Guide to ship design terms

Understanding boating words and phrases

 

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Boats have been around for thousands of years and in this new series – Sean’s Ultimate Ship, we’re going to be looking at some of the most amazing ones!

Some designs of a ship exist in vessels of all size and purpose. Every ship has a hull of sorts. Every ship has some sort of propulsion, whether it’s a pole, an ox or nuclear reactor. Most ships have some sort of steering system. There are also some other common characteristics, but may not appear on every ship – such as compartments, holds and equipment such as anchors and winches.

The Hull

  • A ship’s hull has to be tough to endure harsh conditions at sea
  • For a ship to float, it must weigh less than the water that it displaces
  • There are many types of hulls – from logs lashed together to form a raft to the advanced hulls of the top sail boats. A vessel may have a single hull – a monohull, two – a catamaran, or even three -trimarans. Multiple hulls are generally parallel to each other and connected by rigid arms.  Ships with more than three hulls are rare… but some do exist!
  • Hulls have several elements. The bow is the foremost part of the hull. Many ships feature a bulbous bow. The keel is at the very bottom of the hull, extending the entire length of the ship. The rear part of the hull is known as the stern, and many hulls have a flat back known as a transom.
  • Things you will find attached to the hull include propellers for propulsion, rudders for steering, and stabilisers to quell a ship’s rolling motion.
  • Older ships and pleasure craft often have wooden hulls. Steel is used for most commercial vessels. Aluminium is frequently used for fast vessels, and composite materials are often found in sailboats and pleasure craft. Some ships have been made with concrete hulls.

Propulsion

  • Propulsion systems fall into 3 categories: human, sail and mechanical
  • Human propulsion includes rowing using oars or paddles.  As well as the row boat, this used to power large galleys
  • Sail propulsion consists of a sail hoisted on an erect mast, supported by stays and spars and controlled by ropes. Sail was dominant until the 19th century, and are now generally used for recreation and competition.  However, there are experiments in sail systems such as turbosails, rotorsails and wingsails, which could help save fuels on larger modern vessels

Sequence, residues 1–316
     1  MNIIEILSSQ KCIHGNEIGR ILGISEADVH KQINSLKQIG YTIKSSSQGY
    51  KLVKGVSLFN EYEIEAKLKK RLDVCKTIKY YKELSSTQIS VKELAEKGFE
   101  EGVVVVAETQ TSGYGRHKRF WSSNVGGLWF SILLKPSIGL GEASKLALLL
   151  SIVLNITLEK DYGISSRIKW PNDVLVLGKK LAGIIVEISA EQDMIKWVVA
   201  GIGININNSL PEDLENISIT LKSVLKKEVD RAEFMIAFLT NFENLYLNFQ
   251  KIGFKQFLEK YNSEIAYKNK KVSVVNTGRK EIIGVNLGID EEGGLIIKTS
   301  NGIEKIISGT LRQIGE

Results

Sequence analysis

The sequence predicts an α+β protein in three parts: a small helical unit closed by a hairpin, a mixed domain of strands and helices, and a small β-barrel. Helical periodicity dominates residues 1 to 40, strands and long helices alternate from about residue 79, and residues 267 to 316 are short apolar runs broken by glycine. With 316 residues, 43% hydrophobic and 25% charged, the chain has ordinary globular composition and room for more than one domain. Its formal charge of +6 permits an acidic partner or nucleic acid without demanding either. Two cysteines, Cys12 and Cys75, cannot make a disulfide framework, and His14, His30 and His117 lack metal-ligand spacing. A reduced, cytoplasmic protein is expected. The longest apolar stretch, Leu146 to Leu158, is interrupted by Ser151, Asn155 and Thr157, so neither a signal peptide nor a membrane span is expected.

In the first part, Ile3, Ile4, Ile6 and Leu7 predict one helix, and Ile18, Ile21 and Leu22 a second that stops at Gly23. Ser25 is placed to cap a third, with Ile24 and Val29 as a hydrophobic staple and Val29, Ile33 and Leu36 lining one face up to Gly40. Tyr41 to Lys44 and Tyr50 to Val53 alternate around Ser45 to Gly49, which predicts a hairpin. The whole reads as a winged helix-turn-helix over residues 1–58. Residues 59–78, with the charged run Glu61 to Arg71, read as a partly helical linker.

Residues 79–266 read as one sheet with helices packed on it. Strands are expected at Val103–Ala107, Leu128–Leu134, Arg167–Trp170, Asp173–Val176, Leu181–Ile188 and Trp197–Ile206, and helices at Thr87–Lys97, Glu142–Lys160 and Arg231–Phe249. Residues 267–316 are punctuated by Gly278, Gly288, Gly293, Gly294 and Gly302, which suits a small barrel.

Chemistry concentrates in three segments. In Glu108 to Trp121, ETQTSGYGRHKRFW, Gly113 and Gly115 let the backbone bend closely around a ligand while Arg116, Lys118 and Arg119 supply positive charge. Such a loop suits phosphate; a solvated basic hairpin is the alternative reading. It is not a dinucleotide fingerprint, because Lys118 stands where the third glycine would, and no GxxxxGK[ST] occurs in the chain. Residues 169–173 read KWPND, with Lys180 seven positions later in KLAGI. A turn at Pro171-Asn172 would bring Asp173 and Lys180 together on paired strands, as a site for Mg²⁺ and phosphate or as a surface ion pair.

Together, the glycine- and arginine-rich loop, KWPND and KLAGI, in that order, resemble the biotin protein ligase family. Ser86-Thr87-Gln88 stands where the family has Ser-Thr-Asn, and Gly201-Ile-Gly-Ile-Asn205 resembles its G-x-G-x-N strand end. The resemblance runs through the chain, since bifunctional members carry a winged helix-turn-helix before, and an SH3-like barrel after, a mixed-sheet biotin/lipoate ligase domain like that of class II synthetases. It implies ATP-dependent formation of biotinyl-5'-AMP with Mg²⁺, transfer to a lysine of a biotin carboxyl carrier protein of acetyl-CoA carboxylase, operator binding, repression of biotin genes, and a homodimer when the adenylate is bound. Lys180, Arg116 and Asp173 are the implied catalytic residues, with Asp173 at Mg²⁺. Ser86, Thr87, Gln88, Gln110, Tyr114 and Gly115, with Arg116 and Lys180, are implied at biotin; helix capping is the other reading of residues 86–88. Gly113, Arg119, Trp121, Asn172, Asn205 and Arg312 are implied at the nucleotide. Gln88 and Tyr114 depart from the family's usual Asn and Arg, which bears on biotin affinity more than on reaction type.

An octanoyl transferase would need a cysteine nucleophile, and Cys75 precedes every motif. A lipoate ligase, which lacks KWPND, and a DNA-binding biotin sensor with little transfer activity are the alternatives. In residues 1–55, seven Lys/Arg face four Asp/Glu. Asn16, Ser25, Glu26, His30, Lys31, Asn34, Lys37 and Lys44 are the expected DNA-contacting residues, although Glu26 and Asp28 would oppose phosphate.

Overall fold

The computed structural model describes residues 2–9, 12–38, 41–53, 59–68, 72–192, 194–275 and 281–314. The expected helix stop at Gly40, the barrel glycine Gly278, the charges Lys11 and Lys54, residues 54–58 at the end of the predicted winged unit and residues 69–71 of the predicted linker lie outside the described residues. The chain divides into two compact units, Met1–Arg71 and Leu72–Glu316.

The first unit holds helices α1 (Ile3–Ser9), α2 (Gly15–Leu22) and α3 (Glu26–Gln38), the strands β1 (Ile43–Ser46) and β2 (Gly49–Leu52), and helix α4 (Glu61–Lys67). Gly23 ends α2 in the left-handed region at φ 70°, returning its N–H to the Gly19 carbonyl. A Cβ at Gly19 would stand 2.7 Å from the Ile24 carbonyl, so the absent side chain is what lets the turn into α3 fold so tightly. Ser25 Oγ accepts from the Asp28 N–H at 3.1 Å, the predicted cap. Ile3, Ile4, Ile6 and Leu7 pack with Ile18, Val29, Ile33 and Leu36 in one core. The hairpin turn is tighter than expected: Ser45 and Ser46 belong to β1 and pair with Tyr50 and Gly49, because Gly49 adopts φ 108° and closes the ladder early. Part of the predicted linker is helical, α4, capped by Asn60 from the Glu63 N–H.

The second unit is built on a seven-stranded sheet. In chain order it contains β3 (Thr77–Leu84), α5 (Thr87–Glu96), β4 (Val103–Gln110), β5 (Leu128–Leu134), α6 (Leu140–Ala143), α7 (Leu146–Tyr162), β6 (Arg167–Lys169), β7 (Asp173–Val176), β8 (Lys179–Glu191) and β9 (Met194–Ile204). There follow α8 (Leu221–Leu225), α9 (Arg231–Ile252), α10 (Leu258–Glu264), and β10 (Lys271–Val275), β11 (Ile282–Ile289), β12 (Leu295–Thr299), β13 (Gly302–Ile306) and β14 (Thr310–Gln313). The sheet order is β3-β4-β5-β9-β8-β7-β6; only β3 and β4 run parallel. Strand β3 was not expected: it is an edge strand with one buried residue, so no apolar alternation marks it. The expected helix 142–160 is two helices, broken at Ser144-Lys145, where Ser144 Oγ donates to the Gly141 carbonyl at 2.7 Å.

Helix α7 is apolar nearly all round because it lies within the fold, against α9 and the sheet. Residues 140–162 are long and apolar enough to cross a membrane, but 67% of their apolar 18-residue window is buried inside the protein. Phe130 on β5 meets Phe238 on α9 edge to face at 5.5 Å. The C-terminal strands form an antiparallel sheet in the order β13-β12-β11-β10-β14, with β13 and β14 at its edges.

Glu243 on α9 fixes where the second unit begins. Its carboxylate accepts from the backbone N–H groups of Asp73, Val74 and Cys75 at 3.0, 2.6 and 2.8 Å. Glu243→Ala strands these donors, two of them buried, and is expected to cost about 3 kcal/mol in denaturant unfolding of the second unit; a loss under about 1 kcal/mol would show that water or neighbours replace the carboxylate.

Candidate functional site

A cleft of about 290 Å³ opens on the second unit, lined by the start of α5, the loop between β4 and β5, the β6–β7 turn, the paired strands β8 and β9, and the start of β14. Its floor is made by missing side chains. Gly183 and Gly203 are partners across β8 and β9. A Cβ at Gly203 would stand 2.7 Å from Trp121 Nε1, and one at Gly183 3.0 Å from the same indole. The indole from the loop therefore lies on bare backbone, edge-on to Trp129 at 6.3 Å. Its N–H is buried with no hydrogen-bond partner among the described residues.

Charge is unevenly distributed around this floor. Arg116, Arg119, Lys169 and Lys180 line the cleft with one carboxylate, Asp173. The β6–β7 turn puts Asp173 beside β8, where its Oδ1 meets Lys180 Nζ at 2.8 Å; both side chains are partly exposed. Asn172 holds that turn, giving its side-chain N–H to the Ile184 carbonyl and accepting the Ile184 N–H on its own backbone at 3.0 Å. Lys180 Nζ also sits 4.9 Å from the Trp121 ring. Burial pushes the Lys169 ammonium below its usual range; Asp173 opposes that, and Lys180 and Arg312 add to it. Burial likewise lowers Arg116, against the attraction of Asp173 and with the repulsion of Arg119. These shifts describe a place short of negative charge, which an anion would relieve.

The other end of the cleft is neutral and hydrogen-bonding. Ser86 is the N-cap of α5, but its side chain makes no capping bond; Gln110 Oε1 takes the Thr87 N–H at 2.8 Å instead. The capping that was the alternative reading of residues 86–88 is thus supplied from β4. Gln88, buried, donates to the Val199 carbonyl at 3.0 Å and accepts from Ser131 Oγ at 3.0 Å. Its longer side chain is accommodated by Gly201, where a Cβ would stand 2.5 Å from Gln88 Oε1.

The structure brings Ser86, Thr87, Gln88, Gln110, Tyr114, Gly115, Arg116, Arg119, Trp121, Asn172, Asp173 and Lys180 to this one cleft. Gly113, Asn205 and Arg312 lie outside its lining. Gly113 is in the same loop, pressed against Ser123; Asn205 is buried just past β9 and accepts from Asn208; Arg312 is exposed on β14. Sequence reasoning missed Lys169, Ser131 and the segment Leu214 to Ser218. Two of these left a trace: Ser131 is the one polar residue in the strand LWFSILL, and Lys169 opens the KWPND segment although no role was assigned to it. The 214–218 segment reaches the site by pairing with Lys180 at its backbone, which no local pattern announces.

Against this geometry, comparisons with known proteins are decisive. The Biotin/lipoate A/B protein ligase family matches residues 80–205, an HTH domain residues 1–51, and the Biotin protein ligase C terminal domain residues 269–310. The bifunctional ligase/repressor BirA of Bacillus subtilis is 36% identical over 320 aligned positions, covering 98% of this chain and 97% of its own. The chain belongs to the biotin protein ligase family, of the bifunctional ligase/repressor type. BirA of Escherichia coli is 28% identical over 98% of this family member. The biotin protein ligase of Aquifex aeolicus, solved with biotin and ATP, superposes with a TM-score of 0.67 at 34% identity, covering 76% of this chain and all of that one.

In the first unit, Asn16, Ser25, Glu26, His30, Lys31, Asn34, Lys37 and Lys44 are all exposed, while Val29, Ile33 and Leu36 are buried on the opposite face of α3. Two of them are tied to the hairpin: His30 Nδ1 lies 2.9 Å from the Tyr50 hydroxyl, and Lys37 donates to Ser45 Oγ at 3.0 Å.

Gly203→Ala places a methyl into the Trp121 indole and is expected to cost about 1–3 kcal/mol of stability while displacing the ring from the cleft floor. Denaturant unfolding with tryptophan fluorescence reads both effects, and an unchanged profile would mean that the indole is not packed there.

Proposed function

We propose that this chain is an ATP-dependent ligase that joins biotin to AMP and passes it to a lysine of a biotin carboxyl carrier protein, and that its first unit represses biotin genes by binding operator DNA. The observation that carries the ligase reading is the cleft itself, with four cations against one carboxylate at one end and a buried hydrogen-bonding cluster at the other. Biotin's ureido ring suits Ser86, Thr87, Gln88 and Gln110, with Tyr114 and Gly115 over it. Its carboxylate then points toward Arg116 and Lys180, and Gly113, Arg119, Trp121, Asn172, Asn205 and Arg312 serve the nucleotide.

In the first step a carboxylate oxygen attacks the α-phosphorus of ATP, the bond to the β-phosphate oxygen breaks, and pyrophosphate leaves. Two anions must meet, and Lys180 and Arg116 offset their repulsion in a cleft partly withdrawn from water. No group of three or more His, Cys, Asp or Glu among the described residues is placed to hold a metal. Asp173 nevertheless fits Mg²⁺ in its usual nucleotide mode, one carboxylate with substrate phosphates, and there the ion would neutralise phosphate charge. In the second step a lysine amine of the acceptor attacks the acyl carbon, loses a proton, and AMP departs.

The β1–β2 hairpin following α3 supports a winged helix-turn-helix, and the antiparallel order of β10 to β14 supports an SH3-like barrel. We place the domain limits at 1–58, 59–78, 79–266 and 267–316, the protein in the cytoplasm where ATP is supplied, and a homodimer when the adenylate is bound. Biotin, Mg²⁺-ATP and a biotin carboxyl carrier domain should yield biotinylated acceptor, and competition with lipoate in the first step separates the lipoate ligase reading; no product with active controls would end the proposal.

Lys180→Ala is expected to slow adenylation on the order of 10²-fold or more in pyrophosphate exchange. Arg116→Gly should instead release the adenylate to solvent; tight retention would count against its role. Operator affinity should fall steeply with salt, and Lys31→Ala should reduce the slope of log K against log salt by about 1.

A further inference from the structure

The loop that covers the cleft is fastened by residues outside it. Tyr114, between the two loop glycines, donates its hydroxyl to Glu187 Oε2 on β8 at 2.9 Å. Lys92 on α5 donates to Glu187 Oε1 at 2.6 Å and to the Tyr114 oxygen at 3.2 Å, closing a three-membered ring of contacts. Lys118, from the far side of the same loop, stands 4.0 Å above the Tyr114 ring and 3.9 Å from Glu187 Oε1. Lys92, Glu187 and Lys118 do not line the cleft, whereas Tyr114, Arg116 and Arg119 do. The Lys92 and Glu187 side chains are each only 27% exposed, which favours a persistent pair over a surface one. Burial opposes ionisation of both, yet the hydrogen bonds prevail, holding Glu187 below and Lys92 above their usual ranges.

• Mechanical propulsion generally consists of a engine turning a propeller. Steam engines were first used for this purpose, but have mostly been replaced by diesel engines, outboard motors and gas turbine engines on faster ships. Nuclear reactors producing steam are used to propel warships and icebreakers
  • Most vessels have a single propeller, but some large vessels may have up to four propellers supplemented with transverse thrusters for manoeuvring in ports. The propeller is connected to the main engine via a propeller shaft and, in case of medium- and high-speed engines, a reduction gearbox

Steering 

  • Ships with human propulsion don’t need any steering system
  • On powered ships, steering is usually done with a rudder, a submerged plane located at the rear of the hull. Rudders are rotated to generate a lateral force which turns the boat. Rudders can be rotated by a tiller, manual wheels, or electro-hydraulic systems.
  • Some propulsion systems are also steering systems, such as the outboard motor

Keels

  • A keel is a beam around which the hull of a ship is built. The keel runs in the middle of the ship, from the bow to the stern, and serves as the spine of the structure, providing the major source of structural strength of the hull.
  • The keel is generally the first part of a ship’s hull to be constructed, and ‘laying the keel’ is often a momentous event in a ship’s construction — so much so that the event is often marked with a ceremony
  • Modern ships are now largely built in a series of pre-fabricated, complete hull sections rather than being built around a single keel, so the start of the shipbuilding process is now considered to be when the first sheet of steel is cut.
  • The keel contributes substantially to the longitudinal strength and effectively local loading caused when docking the ship
  • The most common type of keel is the ‘flat plate keel’ which is found on most ocean-going ships
  • A form of keel found on smaller vessels is the ‘bar keel’.  You’ll find these on trawlers, tugs and smaller ferries.

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